Bible Study,  Encouragement

The Sanctuary of Psalm 114

I read Psalm 114 a few weeks ago, and while I know I’ve read it before, this was the first I’d ever seen it well, the first time I’d acknowledged it. What caught my eye was the first statement, that Israel became God’s sanctuary after they left Egypt.

God gave Abraham a land and a people. Both were required for Israel to fulfill her plans for God. Israel was a people. The number that left Egypt was huge. This was definitely a people group, and since they were Abraham’s descendants, we can assume God loved this people group. But they had a bigger destiny than being loved. They had to be a sanctuary. They were destined to shine for God in a way no other nation ever would, and in the end, they would be home to the Messiah, God’s ultimate salvation for the whole world.

I’ve been thinking about rest lately. This year I spent too much time striving. I worked to improve my iron levels to fix an anemia issue. I watched many podcasts and read articles about book marketing, putting all my effort into everything I did. While it isn’t wrong to work hard, too often I did them in my own power, and the energy I put into my efforts was more than I could ever get out.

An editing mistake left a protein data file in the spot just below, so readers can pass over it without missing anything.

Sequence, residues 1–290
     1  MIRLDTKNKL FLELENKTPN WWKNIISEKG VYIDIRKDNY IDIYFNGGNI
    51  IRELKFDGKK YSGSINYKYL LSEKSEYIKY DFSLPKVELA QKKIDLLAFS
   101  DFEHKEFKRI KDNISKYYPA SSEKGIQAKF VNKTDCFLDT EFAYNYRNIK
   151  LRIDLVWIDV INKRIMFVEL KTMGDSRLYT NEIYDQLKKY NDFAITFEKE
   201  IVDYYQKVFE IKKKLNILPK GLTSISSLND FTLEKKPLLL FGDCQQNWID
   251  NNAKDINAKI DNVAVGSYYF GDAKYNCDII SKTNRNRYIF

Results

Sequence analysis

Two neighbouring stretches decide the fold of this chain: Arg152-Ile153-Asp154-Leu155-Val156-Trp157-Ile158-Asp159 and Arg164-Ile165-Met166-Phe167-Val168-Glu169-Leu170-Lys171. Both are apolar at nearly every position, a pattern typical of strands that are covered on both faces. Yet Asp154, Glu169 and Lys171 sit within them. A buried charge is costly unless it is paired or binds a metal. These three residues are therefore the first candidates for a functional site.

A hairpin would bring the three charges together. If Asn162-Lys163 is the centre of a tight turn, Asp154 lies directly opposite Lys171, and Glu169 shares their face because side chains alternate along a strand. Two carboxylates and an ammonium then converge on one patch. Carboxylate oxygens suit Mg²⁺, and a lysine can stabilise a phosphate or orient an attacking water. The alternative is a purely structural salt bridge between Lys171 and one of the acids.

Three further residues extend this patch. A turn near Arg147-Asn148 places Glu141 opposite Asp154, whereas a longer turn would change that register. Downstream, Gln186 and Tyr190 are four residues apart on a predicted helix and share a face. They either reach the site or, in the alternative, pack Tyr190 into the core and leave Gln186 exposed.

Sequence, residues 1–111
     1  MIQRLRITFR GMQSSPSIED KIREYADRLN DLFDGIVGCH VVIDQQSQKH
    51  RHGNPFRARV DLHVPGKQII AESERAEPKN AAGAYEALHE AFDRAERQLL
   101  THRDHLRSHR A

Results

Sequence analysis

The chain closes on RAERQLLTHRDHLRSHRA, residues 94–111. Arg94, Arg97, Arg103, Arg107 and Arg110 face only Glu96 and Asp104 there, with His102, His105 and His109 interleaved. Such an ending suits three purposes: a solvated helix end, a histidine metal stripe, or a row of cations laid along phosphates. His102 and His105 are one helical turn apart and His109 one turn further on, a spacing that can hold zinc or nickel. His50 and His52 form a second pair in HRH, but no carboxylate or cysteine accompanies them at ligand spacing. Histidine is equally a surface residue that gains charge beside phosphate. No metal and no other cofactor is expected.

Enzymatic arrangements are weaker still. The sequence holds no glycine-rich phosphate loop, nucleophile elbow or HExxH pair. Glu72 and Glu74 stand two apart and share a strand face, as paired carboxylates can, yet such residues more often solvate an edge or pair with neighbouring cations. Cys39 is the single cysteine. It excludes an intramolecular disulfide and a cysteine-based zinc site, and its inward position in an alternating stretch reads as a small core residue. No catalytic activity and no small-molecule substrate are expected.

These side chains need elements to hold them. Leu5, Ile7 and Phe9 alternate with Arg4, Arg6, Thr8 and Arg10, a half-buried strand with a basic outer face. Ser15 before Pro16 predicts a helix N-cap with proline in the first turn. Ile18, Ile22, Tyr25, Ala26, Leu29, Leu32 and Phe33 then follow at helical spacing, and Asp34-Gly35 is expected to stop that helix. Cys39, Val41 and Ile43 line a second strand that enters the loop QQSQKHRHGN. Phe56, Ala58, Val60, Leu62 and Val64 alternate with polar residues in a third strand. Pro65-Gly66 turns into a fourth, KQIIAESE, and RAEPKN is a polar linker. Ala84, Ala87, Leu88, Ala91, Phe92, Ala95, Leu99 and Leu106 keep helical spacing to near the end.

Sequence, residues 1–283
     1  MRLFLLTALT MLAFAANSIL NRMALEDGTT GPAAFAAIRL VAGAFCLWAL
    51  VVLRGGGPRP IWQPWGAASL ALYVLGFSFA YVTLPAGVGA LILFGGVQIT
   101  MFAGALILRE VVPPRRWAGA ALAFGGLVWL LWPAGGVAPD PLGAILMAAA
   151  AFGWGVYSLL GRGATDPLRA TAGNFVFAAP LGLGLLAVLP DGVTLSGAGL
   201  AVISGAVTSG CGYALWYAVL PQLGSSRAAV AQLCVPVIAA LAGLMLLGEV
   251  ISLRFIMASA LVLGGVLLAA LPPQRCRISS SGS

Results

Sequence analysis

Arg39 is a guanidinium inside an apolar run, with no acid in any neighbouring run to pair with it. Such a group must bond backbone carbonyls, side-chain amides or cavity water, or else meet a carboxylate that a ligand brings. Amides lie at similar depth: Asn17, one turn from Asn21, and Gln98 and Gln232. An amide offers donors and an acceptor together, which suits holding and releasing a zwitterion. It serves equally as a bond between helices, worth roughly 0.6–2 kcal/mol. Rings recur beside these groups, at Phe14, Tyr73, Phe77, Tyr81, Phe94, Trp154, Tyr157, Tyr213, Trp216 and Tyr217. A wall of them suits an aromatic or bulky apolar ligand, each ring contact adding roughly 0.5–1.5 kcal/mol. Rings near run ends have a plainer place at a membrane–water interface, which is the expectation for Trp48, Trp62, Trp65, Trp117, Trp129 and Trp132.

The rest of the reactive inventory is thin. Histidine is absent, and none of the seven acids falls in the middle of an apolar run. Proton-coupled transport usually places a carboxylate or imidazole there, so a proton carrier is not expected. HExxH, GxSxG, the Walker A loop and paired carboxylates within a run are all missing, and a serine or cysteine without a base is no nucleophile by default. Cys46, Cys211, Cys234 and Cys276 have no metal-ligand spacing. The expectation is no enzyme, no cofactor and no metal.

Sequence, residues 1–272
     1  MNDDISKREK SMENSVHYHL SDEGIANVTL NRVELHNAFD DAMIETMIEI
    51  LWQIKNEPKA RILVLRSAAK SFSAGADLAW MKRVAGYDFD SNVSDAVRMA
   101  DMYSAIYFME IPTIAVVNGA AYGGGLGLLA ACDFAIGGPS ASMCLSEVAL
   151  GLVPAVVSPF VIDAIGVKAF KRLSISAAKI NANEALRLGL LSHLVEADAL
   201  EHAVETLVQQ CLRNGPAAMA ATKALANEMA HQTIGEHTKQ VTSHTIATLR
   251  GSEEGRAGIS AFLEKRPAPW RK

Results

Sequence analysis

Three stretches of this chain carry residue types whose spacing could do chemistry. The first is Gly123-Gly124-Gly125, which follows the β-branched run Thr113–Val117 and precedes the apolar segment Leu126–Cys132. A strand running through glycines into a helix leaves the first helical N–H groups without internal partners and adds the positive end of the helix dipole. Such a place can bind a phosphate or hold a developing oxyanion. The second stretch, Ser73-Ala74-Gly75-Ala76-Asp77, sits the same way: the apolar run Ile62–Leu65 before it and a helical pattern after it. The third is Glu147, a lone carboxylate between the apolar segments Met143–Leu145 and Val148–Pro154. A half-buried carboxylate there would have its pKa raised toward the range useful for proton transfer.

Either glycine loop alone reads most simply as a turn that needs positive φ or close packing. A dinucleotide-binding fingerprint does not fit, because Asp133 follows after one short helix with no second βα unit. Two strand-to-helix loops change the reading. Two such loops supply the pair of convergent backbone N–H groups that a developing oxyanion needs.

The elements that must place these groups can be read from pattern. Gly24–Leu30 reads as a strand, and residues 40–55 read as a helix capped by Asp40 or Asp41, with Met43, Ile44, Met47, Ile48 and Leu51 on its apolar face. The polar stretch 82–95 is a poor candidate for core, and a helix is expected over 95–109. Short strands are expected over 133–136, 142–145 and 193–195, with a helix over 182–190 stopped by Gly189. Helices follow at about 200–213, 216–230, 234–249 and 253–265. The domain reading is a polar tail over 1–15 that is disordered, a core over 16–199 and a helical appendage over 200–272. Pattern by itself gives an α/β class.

It was unsustainable. I was living an unsustainable life, and I was getting nowhere. A simple health event brought my year of iron supplements back to where I’d started—actually worse than where I’d started– and all the book marketing classes in the world weren’t increasing my reach, but they sure were frustrating me.

Enslaved by the good

Then we have Israel. God’s people, promised a great inheritance at the time of Abraham. They went to Egypt as protection during a drought. But things didn’t go well, and here, four hundred years later, they are slaves. Their protection had become their prison, because God had other plans for them, plans that relied on their physical land.